Przemyslaw Uznanski: A Framework for Searching in Graphs in the Presence of Errors

Manno, Galleria 1, 2nd floor, room G1-204 @12:00
We consider two types of searching models, where the goal is to design
an adaptive algorithm that locates an unknown vertex in a graph by
repeatedly performing queries. In the vertex-query model, each query
points to a vertex v and the response either admits that v is the
target or provides a neighbor of von a shortest path from v to the
target. This model has been introduced for trees by Onak and Parys
[FOCS 2006] and by Emamjomeh-Zadeh et al. [STOC 2016] for arbitrary
graphs. In the edge-query model, each query chooses an edge and the
response reveals which endpoint of the edge is closer to the target,
breaking ties arbitrarily.
Our goal is to analyze solutions to these problems assuming that some
responses may be erroneous. We develop a scheme for tackling such
noisy models with the following line of arguments: For each of the two
models, we analyze a generic strategy that assumes a fixed number of
lies and give a precise bound for its length via an amortized
analysis. From this, we derive bounds for both a linearly bounded
error rate, where the number of errors in T queries is bounded by r*T
for some r<1/2, and a probabilistic model in which each response is
incorrect with some probability p<1/2. The bounds for adversarial case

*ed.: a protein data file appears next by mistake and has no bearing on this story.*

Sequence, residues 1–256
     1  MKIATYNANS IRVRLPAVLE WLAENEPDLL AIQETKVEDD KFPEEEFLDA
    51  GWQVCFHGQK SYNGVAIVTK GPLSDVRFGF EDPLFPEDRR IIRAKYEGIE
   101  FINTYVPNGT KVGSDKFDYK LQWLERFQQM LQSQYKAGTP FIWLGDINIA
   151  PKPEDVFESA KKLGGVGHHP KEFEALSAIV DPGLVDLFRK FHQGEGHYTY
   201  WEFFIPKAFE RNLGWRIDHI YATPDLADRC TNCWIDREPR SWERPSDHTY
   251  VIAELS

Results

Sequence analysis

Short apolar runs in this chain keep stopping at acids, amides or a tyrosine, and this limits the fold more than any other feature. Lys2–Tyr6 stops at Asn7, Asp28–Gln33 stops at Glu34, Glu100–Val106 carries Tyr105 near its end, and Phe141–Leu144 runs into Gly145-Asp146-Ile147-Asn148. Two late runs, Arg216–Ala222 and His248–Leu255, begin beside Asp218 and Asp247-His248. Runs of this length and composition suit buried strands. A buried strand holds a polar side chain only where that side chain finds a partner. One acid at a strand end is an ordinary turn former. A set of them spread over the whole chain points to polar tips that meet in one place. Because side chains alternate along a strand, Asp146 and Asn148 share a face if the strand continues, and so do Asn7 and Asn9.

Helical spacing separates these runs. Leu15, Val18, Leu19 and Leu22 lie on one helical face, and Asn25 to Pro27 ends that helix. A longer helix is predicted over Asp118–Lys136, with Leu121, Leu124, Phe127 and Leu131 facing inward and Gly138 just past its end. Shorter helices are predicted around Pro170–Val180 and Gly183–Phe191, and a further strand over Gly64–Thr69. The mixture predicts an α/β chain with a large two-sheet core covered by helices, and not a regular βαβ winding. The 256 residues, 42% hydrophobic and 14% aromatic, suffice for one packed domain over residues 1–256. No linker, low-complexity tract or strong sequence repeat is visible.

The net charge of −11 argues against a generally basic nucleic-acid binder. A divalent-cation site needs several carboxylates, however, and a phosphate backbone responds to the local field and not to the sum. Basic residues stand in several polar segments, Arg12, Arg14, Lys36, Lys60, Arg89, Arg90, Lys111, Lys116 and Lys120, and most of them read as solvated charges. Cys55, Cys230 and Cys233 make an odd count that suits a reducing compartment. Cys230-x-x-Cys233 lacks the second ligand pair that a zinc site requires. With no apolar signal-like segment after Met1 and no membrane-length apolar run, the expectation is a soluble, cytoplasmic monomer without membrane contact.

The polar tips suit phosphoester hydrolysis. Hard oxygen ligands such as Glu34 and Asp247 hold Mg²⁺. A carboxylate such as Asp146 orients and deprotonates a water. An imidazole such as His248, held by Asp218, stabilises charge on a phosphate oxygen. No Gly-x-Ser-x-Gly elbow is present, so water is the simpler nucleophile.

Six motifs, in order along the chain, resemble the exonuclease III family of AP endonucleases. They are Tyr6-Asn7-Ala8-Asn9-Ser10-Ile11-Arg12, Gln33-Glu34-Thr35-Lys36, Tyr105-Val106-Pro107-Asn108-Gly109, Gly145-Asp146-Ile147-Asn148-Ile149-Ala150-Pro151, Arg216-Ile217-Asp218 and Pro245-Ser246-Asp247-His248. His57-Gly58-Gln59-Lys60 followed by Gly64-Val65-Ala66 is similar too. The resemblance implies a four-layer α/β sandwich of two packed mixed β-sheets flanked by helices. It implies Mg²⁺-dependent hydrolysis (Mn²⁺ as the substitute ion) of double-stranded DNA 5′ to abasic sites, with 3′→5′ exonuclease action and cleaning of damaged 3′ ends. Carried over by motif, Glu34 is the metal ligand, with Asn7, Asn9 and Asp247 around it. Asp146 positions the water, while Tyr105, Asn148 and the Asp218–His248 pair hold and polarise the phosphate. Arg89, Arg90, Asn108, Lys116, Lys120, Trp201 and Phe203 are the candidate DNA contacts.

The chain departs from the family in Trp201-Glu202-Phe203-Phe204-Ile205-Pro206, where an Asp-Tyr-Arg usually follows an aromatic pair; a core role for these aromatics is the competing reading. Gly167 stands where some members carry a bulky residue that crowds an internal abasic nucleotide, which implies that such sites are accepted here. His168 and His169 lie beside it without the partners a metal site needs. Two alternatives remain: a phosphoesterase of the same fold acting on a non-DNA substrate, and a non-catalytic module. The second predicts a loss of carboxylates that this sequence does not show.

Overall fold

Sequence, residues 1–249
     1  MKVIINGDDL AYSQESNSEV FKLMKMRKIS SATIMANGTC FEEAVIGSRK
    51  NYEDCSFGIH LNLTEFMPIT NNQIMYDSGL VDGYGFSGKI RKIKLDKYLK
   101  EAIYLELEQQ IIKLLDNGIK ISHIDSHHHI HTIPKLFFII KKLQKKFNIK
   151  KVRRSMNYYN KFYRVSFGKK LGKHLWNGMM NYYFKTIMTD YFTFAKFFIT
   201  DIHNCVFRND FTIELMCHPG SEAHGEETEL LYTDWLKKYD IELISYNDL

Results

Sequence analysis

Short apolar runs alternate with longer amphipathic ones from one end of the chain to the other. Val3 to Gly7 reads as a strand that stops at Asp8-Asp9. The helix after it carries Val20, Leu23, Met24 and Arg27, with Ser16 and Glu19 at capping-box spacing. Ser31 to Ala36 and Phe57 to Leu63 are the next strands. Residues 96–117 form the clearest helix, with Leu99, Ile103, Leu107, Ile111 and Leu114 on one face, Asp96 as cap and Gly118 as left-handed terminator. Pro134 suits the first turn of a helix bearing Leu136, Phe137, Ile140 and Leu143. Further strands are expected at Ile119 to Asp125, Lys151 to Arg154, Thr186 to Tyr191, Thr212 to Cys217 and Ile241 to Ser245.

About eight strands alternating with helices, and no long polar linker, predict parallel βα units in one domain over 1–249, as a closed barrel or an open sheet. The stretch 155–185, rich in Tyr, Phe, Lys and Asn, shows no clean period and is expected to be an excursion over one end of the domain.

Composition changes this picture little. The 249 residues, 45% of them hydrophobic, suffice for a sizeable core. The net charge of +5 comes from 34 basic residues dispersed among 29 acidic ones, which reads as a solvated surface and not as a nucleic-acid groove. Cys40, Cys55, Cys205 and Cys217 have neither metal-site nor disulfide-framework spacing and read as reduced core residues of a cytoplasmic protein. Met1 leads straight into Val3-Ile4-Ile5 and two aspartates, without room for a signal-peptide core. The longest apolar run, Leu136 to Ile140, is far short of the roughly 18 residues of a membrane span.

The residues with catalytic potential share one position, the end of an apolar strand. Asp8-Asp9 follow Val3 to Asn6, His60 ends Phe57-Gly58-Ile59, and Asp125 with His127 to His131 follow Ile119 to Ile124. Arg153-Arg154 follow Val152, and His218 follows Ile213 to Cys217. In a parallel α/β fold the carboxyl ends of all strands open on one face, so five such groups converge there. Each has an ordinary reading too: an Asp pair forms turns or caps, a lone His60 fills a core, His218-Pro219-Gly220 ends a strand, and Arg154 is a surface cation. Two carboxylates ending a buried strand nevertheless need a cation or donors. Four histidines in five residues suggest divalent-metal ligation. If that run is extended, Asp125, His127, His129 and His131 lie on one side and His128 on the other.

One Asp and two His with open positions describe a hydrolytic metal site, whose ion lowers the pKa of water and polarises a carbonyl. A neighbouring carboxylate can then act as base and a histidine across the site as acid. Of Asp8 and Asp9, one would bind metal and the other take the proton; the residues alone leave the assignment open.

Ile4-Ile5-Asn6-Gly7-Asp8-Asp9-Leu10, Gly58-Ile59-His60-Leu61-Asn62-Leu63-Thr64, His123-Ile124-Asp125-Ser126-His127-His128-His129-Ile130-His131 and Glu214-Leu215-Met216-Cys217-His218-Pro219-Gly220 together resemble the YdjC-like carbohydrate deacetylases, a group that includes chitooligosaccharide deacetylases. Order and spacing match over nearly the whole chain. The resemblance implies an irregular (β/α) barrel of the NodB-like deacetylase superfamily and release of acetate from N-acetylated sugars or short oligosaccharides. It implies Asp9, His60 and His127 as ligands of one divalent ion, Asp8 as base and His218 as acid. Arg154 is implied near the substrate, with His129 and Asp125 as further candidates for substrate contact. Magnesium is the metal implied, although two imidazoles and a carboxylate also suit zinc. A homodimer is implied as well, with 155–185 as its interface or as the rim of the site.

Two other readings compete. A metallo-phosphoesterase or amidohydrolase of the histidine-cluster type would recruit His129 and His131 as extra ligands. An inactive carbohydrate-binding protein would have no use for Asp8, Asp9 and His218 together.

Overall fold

turn out to be strong enough for non-adversarial scenarios as well.
We obtain thus a much simpler strategy performing fewer vertex-queries
than one by Emamjomeh-Zadeh et al. For edge-queries, not studied
before for general graphs, we obtain bounds that are tight up to log=CE=94
factors in all error models. Applying our graph-theoretic results to
the setting of edge-queries for paths, we obtain a number of
improvements over existing bounds for searching in a sorted array in
the presence of errors, including an exponential improvement for the
prefix-bounded model in unbounded domains.

The speaker

Przemyslaw Uznanski received a PhD from INRIA Bordeaux in 2013. He is a postdoc at ETH Zurich since 2015. He works on distributed computing, biological algorithms, graph algorithms and text processing (with emphasis on algebraic methods in algorithms).

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